Sunday, June 05, 2005

Sunday afternoon essay: Musings on War, Poetry and Life

Timesonline (4 Jun 05): The kamikaze pilot who chose life before empire. Picture of 81 year-old Shigeyoshi san in the foreground; a salvaged Zero Fighter in the back. I'm particularly moved by the caption:
Shigeyoshi Hamazono survived two missions as a kamikaze pilot... The pilots, he said, were said to have saluted the Emperor before death, but they probably cried for their mothers instead.

I saw Shigeyoshi san on TV once. He cried as he recalled that episode in his life.

Once, on a plane, I conversed with a New Zealander about people and life in general. At one point, we talked about history and wars, where I commented that so long there was Man, there would always be wars. Because human memories are short.

History lessons, public education -- they all help to remind but I think our propensity to forget exceeds our comprehension of true suffering.

Time is a great desensitiser (this is neither good nor bad thing -- it just is).

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Black flower in the sky: Poems of a Korean bridegroom in Hiroshima
[Check for item in NLB catalogue]
See also: Thunder gods: The kamikaze pilots tell their story


Museums, libraries and National Archives might slow down the "knowledge deterioration" but then these are not exactly the favourite hangouts for the masses, generally speaking. Such institutions also get destroyed in wars.

Even if museums and libraries are popular hangouts, there's still the fact that reading about history is different from hearing about it from people like Shigeyoshi san. I can see him cry. But how much can I appreciate why?

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Rupert Brooke and Wilfred Owen: Selected poems
[Check for item in NLB Catalogue]


Here's a thought: Suppose Virtual Reality develops to a point like what they had in The Matrix(where Neo downloaded Kung-fu techniques and became an expert in seconds). I would imagine history lessons being "taught" this way. Experiential Learning brought to a higher plane. We might even experience the horrors first-hand. Scary thought, but then it's a price to pay for peace I think.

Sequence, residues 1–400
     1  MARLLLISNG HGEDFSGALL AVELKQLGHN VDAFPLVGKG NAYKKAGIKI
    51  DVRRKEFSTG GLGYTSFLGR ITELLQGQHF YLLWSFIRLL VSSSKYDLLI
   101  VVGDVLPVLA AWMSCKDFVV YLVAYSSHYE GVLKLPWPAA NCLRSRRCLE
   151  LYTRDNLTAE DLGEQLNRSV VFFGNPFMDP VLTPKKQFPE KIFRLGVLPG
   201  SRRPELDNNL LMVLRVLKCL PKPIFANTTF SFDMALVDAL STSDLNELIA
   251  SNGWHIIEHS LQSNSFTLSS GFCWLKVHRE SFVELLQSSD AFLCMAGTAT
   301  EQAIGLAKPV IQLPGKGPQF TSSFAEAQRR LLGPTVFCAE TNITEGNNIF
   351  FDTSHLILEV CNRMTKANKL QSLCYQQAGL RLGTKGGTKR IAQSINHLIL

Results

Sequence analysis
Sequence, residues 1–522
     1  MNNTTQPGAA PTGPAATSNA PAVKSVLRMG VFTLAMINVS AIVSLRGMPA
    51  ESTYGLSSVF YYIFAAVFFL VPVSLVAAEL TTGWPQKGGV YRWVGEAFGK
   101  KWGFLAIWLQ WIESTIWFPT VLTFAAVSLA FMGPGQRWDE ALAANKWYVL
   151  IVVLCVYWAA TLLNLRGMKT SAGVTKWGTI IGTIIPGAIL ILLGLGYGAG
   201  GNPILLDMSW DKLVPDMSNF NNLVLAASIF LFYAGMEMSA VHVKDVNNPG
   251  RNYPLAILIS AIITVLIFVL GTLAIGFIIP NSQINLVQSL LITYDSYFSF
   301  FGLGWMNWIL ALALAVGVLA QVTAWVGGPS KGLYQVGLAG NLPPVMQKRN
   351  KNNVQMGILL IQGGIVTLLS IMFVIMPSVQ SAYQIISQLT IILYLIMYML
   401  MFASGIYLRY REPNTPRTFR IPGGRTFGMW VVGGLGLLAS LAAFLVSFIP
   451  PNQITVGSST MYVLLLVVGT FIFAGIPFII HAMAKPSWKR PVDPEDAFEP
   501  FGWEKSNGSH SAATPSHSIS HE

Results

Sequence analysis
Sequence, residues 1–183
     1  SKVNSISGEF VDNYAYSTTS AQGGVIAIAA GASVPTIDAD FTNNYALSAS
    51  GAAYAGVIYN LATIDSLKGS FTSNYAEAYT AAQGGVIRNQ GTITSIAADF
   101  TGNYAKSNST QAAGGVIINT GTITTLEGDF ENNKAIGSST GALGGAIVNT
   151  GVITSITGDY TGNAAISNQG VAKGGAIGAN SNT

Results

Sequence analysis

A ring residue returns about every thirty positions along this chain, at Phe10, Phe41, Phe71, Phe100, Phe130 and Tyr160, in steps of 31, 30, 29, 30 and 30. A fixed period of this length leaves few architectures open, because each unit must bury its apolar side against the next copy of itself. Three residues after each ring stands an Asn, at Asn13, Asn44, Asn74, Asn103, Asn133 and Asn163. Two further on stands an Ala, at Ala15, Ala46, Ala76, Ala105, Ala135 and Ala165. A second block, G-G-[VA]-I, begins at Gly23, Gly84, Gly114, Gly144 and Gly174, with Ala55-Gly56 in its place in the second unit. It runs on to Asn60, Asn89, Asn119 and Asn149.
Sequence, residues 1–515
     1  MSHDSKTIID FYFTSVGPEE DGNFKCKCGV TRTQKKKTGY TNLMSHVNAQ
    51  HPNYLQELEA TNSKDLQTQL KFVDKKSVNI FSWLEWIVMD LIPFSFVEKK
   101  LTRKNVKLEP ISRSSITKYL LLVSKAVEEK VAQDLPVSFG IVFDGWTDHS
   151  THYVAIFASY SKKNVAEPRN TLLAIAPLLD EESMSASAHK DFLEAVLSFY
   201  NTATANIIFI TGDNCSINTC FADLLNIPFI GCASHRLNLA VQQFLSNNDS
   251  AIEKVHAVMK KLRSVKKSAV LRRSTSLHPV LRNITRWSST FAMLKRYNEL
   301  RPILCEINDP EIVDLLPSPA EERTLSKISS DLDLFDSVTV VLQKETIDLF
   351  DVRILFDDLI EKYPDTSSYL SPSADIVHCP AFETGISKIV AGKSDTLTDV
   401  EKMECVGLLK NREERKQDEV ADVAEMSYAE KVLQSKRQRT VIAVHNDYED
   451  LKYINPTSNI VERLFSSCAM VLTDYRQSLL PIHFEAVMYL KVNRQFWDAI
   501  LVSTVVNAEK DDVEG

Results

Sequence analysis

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The Matrix (Warner Home Video, c2001)
[Check for item in NLB catalogue]


Humans turn war into something beautiful. It becomes romanticised.

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Poems of Love and War/ A. K. Ramanujan
[See also: Poets of the Tamil anthologies: Ancient poems of love and war]


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The Iliad of Homer/ Homer [Check for item in NLB Catalogue]

Here's a poem I wrote in May last year. It's not anti-war. More of a thought-experiment on what a young soldier might think in the midst of battle:
Soldier's Lament
-----------------
Why did they lie to me so?

For God and Country
I was told

But when shrapnel's a-flying
And boys are a-dying

God is on vacation

The only land that matters
Is the sodden earth
In which they bury me

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Collected Poems of Wilfred Owen
See also: The poems of Wilfred Owen]


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The War Poems of Siegfried Sassoon
See also: Siegfried Sassoon: A study of the war poetry

Many years ago while holidaying in an overseas resort, I was asked by the resort owner, "If Singapore goes to war, would the people fight?". I said, "Yes" without hesitation.

I was 19.

I'll be in my mid-30s in a few years time. My answer would still be 'Yes'. It might not be what I really want, deep in my heart. But I'd do it anyway.

Because I, like the rest of us, am only human.
As a military pilot, there was no way to say no. I was grateful for my training, and the responsibility given to me, and my Zero fighter. This was my duty. That night all I thought about was my mission.” ~ Shigeyoshi Hamazono
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How we remember and why we forget/ Rebecca Rupp
[Check for item in NLB catalogue]


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Great poets of World War I: Poetry from the great war
[Check for item in NLB catalogue]


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Poets of World War II
[Check for item in NLB catalogue]


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Air combat paintings: Masterworks collection
[Check for item in NLB Catalogue]


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Aftershock: Poems and Prose from the Vietnam War
See also: War story: Vietnam war poems

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[Check for item in NLB Catalogue]

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